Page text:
Henna for Eid
"You're so cute," says a student. "Are you Muslim?"
I shake my head. "I'm Christian."
"Oh," she says, nodding. "Not Muslim - yet."
Four walls, windows, a smart board, white board, projector. Student desks in five rows, four deep. Dark eyed teenage girls in ankle length, shift style uniforms. I sit on the teacher's table facing the class, legs dangling.
At the Madrasa al Thanawiya al Binaat (secondary school for girls) I'd already participated in a science lab (broadly speaking), audited science and English classes and sipped tea in the teachers' lounge. I'd wandered the building with a special education instructor and chatted boardroom style with group after group of high school aged local girls.
Today I would be a substitute Homeroom and Physical Education teacher (apologies to actual US PE teacher, Bernie). Sort of.
Some of my Arabic children's books
Qataris are a minority in Qatar and Arabic is not spoken on the streets or in the shops. The majority of expats don't study the language because there's so little opportunity to use it. I persist because I like the language and people (and perhaps also out of a compulsive need to finish-what-I-start, no matter how impossible seeming). I supplement my studies by reading Arabic children's books, learning Arabic nursery rhymes, speaking with Arabs (when found) - and visiting Qatari government schools (where allowed).
The gym is closed in the (real) teacher's absence and there are no curriculum notes.
"Speak English with them," says the principal. She smiles. "Make them bi-lingual."
Oh, right. Mafee mushkilla. No problem.
My escort is a sunny and enthusiastic Egyptian English teacher wearing bright blue eye shadow. "You girls," she says, in Arabic. "You are all so sleepy." She moves to the closed classroom door, pounds on it with both fists. "You are like, 'let me out of here'!"
Laughter. Students sit higher in seats.
"What sports do you play?" I ask. L'boon ay riyada hini?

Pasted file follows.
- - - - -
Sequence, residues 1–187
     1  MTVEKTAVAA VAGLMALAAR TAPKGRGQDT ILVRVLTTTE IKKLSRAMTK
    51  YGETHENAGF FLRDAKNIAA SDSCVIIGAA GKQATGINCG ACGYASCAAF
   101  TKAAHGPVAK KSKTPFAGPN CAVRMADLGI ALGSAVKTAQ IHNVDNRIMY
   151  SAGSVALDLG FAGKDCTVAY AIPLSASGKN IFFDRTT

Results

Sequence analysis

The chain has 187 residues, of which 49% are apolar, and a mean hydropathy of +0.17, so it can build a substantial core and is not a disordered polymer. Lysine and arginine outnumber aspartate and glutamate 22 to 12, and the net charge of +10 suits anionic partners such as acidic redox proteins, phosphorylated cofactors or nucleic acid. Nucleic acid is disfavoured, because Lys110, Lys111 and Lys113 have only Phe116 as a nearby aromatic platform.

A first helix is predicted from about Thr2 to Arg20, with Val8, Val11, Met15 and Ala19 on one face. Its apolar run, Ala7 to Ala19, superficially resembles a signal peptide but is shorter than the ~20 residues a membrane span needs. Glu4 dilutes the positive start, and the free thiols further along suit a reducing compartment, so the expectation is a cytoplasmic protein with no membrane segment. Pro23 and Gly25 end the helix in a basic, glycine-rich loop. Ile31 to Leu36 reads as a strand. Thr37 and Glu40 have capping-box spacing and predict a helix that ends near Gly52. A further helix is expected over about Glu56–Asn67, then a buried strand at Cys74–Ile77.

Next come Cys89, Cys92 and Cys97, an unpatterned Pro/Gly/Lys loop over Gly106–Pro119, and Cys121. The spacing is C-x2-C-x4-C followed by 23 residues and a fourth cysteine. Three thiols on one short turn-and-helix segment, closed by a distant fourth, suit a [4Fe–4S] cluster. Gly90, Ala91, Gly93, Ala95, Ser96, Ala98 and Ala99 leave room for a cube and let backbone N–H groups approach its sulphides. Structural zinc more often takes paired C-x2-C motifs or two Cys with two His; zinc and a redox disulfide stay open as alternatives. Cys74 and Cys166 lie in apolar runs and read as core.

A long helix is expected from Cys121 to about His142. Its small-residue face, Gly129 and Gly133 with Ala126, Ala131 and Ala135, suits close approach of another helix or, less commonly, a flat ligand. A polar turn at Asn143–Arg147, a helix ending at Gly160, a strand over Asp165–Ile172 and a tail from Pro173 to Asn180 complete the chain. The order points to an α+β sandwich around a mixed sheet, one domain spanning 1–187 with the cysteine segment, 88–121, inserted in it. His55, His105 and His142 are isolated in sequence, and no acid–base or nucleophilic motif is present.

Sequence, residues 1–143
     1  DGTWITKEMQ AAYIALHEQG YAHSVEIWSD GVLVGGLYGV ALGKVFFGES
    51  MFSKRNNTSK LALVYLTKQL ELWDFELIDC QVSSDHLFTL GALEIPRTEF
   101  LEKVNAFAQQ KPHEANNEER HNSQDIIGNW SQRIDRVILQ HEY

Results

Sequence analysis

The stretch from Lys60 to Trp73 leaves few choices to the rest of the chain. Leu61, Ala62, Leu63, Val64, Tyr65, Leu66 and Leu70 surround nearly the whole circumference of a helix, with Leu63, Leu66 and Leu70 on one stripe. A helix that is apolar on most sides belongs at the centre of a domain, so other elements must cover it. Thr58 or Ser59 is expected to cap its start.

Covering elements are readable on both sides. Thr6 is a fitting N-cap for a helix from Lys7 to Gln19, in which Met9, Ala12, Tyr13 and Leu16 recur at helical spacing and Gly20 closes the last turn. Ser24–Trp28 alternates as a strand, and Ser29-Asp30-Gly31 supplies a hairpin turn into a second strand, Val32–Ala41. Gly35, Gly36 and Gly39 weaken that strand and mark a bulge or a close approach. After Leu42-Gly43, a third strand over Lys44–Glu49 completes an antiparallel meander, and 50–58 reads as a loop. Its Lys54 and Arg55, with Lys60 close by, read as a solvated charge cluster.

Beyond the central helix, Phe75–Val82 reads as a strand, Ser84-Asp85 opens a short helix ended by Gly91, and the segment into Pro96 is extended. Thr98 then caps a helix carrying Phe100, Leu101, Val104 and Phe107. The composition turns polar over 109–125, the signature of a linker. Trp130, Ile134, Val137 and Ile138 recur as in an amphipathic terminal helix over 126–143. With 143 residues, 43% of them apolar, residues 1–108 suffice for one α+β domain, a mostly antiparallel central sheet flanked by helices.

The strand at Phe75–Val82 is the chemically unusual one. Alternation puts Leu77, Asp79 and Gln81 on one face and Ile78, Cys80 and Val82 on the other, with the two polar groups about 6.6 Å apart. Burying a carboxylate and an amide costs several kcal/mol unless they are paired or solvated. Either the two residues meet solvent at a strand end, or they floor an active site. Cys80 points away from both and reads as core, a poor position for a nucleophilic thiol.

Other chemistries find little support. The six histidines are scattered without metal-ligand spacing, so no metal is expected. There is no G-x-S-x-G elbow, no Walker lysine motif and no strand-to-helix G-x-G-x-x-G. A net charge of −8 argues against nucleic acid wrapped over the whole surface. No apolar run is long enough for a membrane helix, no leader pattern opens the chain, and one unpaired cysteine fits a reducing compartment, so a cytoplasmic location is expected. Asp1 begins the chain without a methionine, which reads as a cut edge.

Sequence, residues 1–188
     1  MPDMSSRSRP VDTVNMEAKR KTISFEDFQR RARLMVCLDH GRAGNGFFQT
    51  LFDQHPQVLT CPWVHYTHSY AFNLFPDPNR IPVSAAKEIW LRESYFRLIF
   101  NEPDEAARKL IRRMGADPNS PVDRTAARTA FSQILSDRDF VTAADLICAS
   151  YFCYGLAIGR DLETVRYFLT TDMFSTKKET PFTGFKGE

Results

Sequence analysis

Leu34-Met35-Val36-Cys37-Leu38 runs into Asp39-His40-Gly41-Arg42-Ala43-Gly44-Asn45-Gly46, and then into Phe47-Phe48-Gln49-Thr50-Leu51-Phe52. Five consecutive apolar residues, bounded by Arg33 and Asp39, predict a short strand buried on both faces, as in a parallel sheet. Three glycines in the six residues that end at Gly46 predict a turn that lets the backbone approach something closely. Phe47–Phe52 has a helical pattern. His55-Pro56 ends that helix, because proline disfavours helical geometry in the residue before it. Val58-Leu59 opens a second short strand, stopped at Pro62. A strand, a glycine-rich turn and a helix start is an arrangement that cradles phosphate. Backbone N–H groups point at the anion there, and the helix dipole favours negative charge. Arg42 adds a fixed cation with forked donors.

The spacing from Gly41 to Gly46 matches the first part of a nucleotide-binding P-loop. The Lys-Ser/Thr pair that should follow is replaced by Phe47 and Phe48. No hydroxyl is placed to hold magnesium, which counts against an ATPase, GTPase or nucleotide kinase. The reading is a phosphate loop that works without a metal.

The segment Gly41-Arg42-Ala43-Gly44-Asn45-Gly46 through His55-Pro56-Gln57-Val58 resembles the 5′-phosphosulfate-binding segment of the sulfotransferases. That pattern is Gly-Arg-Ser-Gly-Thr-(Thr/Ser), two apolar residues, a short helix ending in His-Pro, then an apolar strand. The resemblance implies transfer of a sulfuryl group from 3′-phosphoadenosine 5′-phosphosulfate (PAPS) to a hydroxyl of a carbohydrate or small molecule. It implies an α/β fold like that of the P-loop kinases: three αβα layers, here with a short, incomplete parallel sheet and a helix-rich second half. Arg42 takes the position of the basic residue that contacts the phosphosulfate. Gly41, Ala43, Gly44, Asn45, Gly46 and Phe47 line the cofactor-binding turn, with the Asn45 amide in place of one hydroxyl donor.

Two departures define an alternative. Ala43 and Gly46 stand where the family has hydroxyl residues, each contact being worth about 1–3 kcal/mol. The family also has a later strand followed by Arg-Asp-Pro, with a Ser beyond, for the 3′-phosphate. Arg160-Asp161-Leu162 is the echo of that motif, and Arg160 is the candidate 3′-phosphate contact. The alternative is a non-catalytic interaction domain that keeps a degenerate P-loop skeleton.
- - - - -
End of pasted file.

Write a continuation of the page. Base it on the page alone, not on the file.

"Basketball, volleyball, football…" Smiles. "With the feet. Not the American football with hands."
"Do you run?" I ask.
"Of course. We wear long pants and tee shirts and run in the gym."
"People don't run on the street in Qatar," I say.
"No, but you can walk at the Mall or Aspire Park and you can run around the Pearl to the naked beach."
Naked beach? MY beach? I laugh.
The young Qatari shakes her head. Not funny. "We call it that because people wear very few clothes there."
Conversation is a rapid-fire mix of standard and dialectical Arabic and colloquial English.
They want to know:
Do you live in a compound in America? Do students wear uniforms to school? Do you have pets? How old are your children? Are they boys or girls? Tell me about your grandchildren? Have you been to Boston? Will you go shopping at Villagio with me? Do you know Adele? (Sings:) "Someone Like You…"
I smile. "Will you teach me a Qatari children's song?"
A student writes:
"mama jabat baby
baby helloo sagheer"
"It says, Mama comes with a baby; baby is small and cute. We sing this when a new baby comes home."
"Do you have rhymes? Silly fun songs?"
Of course! "Twinkle, twinkle little star…Humpty Dumpty sat on a wall...Teddy Bear, Teddy Bear…"
"Our nursery rhymes are from America, Lebanon, Egypt and other countries," a student says.
"And television," says Teacher.
The students sing popular American and Arabic music in angelic soprano and rich alto voices, complete with Middle Eastern trills and runs.
I offer Baa Baa Black Sheep, Have You Any Wool…?
The bell rings and Teacher and I sing (although I only know the first part) a popular Egyptian children's song:
Mama Zamanha Gaya
Mama zamanha gaya
gaya baedeh shiwaya
gayba al'ab wa hagat
gayba maha shanta
fiha wezza wa bata
quack quack quack quack quack
arfel wad el esmo "Adel"
gah doctor waamleh eh?
laa regleh bao zayel fatal
bas shewaya gowa eneh
rah nidiloh ho'na kbira
aref edal el ho'na leh?
Ma bieshrabsh el laban el sobh
we kol eshabo dehko alah
ha ha ha!
W hoa men yomha shereb
wetrabalo aadal fi ideh.
Mama is coming
She is almost here
She is bringing toys and gifts
She's also got a box
Inside there's a duck
Quack quack quack quack quack.
Do you know the kid named "Adel"
And what the doctor did to him?
He found him all tired
And looked inside his eyes.
He's going to give him a big shot.
Do you know why he gave him a shot?
He doesn't drink milk in the morning
And all his friends laugh.
Ha Ha Ha!
And since that day he drinks milk
And grows up
And has muscles in his arms.